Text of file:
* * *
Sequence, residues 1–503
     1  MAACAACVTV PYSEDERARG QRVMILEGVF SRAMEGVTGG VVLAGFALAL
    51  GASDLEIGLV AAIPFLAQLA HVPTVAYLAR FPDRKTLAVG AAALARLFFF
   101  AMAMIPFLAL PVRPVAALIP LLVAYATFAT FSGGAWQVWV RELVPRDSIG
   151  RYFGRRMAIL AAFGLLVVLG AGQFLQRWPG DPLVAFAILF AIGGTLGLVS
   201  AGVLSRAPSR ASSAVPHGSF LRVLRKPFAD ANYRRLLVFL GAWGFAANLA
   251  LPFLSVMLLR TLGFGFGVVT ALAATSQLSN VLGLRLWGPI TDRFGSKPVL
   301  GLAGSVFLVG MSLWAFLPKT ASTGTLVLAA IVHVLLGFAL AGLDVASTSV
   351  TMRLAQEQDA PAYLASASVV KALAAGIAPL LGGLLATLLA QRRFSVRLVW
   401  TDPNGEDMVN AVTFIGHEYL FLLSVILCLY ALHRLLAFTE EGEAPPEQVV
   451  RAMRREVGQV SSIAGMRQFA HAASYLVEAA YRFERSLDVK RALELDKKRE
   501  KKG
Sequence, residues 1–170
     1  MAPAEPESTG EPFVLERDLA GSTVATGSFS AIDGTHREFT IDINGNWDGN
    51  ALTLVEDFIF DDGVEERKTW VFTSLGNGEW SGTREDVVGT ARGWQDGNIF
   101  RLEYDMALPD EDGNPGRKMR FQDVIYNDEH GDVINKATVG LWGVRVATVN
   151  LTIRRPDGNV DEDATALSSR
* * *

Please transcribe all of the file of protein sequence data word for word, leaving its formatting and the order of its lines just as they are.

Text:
Sequence, residues 1–503
     1  MAACAACVTV PYSEDERARG QRVMILEGVF SRAMEGVTGG VVLAGFALAL
    51  GASDLEIGLV AAIPFLAQLA HVPTVAYLAR FPDRKTLAVG AAALARLFFF
   101  AMAMIPFLAL PVRPVAALIP LLVAYATFAT FSGGAWQVWV RELVPRDSIG
   151  RYFGRRMAIL AAFGLLVVLG AGQFLQRWPG DPLVAFAILF AIGGTLGLVS
   201  AGVLSRAPSR ASSAVPHGSF LRVLRKPFAD ANYRRLLVFL GAWGFAANLA
   251  LPFLSVMLLR TLGFGFGVVT ALAATSQLSN VLGLRLWGPI TDRFGSKPVL
   301  GLAGSVFLVG MSLWAFLPKT ASTGTLVLAA IVHVLLGFAL AGLDVASTSV
   351  TMRLAQEQDA PAYLASASVV KALAAGIAPL LGGLLATLLA QRRFSVRLVW
   401  TDPNGEDMVN AVTFIGHEYL FLLSVILCLY ALHRLLAFTE EGEAPPEQVV
   451  RAMRREVGQV SSIAGMRQFA HAASYLVEAA YRFERSLDVK RALELDKKRE
   501  KKG
Sequence, residues 1–170
     1  MAPAEPESTG EPFVLERDLA GSTVATGSFS AIDGTHREFT IDINGNWDGN
    51  ALTLVEDFIF DDGVEERKTW VFTSLGNGEW SGTREDVVGT ARGWQDGNIF
   101  RLEYDMALPD EDGNPGRKMR FQDVIYNDEH GDVINKATVG LWGVRVATVN
   151  LTIRRPDGNV DEDATALSSR